mirth

Love-Contradictions -

As rare to heare as seldome to be seene,
It cannot be nor never yet hathe bene
That fire should burne with perfecte heate and flame
Without some matter for to yealde the same.

A straunger case yet true by profe I knowe
A man in joy that livethe still in woe:
A harder happ who hathe his love at lyste
Yet lives in love as he all love had miste:

Whoe hathe enougehe, yet thinkes he lives wthout,
Lackinge no love yet still he standes in doubte.
What discontente to live in suche desyre,
To have his will yet ever to requyre.

General good is the plea of the scoundrel, hypocrite, flatterer.

In conclusion, I have endeavored, with what success has been already determined by the voice of my own country, to give a panorama of Irish life among the people … and in doing this, I can say with solemn truth that I painted them honestly and without reference to the existence of any particular creed or party.

I understand that in France, though the use of rouge be general, the use of white paint is far from being so. In England, she that uses one commonly uses both. Now, all white paints, or lotions, or whatever they may be called, are mercurial; consequently poisonous, consequently ruinous in time to the constitution. The Miss B—— above mentioned was a miserable witness of the truth, it being certain that her flesh fell from her bones before she died. Lady Coventry was hardly a less melancholy proof of it; and a London physician perhaps, were he at liberty to blab, could publish a bill of female mortality of a length that would astonish us.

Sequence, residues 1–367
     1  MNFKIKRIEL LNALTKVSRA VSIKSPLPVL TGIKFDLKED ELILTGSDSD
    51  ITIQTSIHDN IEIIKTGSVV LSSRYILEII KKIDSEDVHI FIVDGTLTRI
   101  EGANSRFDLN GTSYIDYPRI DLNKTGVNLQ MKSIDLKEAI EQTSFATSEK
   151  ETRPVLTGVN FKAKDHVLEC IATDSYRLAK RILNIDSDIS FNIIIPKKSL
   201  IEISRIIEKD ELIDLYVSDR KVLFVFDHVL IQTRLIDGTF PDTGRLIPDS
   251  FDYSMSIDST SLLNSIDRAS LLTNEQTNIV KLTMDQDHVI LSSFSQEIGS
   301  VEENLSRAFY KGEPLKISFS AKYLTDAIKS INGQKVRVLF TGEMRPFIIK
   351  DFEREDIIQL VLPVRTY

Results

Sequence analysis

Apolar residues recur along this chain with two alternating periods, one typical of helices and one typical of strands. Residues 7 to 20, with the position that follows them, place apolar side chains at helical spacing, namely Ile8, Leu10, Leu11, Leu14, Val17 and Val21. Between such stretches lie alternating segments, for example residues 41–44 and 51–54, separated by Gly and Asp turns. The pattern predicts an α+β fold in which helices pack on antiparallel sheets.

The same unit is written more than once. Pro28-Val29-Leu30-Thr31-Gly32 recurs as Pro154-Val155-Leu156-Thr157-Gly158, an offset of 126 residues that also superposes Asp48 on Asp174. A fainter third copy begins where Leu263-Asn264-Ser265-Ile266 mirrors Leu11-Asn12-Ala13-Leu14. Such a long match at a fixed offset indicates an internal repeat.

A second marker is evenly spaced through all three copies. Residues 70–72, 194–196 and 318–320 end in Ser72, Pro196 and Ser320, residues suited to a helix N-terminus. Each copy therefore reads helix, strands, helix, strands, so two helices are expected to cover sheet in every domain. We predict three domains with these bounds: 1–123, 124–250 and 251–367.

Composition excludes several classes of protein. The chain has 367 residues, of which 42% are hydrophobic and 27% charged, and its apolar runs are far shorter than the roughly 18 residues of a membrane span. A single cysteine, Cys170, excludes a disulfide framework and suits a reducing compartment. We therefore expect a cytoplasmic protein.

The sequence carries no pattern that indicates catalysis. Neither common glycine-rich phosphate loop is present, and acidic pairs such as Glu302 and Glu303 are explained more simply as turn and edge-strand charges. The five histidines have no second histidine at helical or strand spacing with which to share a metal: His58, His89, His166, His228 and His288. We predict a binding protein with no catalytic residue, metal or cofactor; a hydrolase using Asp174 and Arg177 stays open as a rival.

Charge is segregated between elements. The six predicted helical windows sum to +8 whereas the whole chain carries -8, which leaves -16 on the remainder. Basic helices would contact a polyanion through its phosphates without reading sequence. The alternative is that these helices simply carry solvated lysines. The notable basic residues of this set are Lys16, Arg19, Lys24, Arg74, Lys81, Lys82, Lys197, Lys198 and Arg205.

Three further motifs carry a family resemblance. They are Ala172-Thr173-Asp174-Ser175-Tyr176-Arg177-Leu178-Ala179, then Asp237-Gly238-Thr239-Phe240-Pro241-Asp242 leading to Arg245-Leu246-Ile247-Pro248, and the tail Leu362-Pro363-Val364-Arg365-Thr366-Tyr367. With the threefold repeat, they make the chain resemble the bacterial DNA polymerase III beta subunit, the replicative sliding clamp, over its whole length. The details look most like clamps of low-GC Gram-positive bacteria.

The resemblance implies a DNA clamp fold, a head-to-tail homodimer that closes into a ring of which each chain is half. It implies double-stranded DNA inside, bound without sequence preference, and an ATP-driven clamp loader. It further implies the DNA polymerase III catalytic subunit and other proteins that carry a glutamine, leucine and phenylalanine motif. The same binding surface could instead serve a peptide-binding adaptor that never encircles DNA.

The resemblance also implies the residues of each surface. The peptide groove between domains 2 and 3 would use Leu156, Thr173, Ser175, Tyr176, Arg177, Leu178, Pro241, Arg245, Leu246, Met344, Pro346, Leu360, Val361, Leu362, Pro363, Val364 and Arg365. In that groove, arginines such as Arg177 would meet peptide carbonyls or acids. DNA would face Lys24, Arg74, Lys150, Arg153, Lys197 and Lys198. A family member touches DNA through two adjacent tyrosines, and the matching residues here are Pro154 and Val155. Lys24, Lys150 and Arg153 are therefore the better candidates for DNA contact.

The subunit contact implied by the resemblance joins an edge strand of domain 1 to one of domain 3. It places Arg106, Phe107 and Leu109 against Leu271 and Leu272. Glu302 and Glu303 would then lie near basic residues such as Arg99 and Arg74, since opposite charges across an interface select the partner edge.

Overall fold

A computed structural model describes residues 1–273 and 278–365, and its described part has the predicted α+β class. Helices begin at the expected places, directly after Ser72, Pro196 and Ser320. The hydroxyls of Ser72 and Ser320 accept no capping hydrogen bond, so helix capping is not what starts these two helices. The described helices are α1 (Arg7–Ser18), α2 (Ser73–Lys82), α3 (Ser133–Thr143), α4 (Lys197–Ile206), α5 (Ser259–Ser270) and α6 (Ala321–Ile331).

Ah, wretch! Even though one may be able at first to conceal his perjuries, yet punishment creeps on, though late, with noiseless step.

By indulging this fretful temper you alienate those on whose affection much of your comfort depends.

And from each other look thou lead them thus till o'er their brows death-counterfeiting sleep With leaden legs and batty wings doth creep.

Architecture would lead us to all the arts, as it did with earlier mean: but if we despise it and take no note of how we are housed, the other arts will have a hard time of it indeed.

O momentary grace of mortal men, which we more hunt for than the grace of God! Who builds his hope in air of your fair looks, lives like a drunken sailor on a mast, ready, with every nod, to tumble down into the fatal bowels of the deep.

Preposterous ass! that never read so far to know the cause why music was ordained! was it not to refresh the mind of man, after his studies, or his usual pain?

Press not a falling man too far; 'tis virtue: his faults lie open to the laws; let them, not you, correct him.

Weeds grow sometimes very much like flowers, and you can't tell the difference between true and false merely by the shape.

Humor, warm and all-embracing as the sunshine, bathes its objects in a genial and abiding light.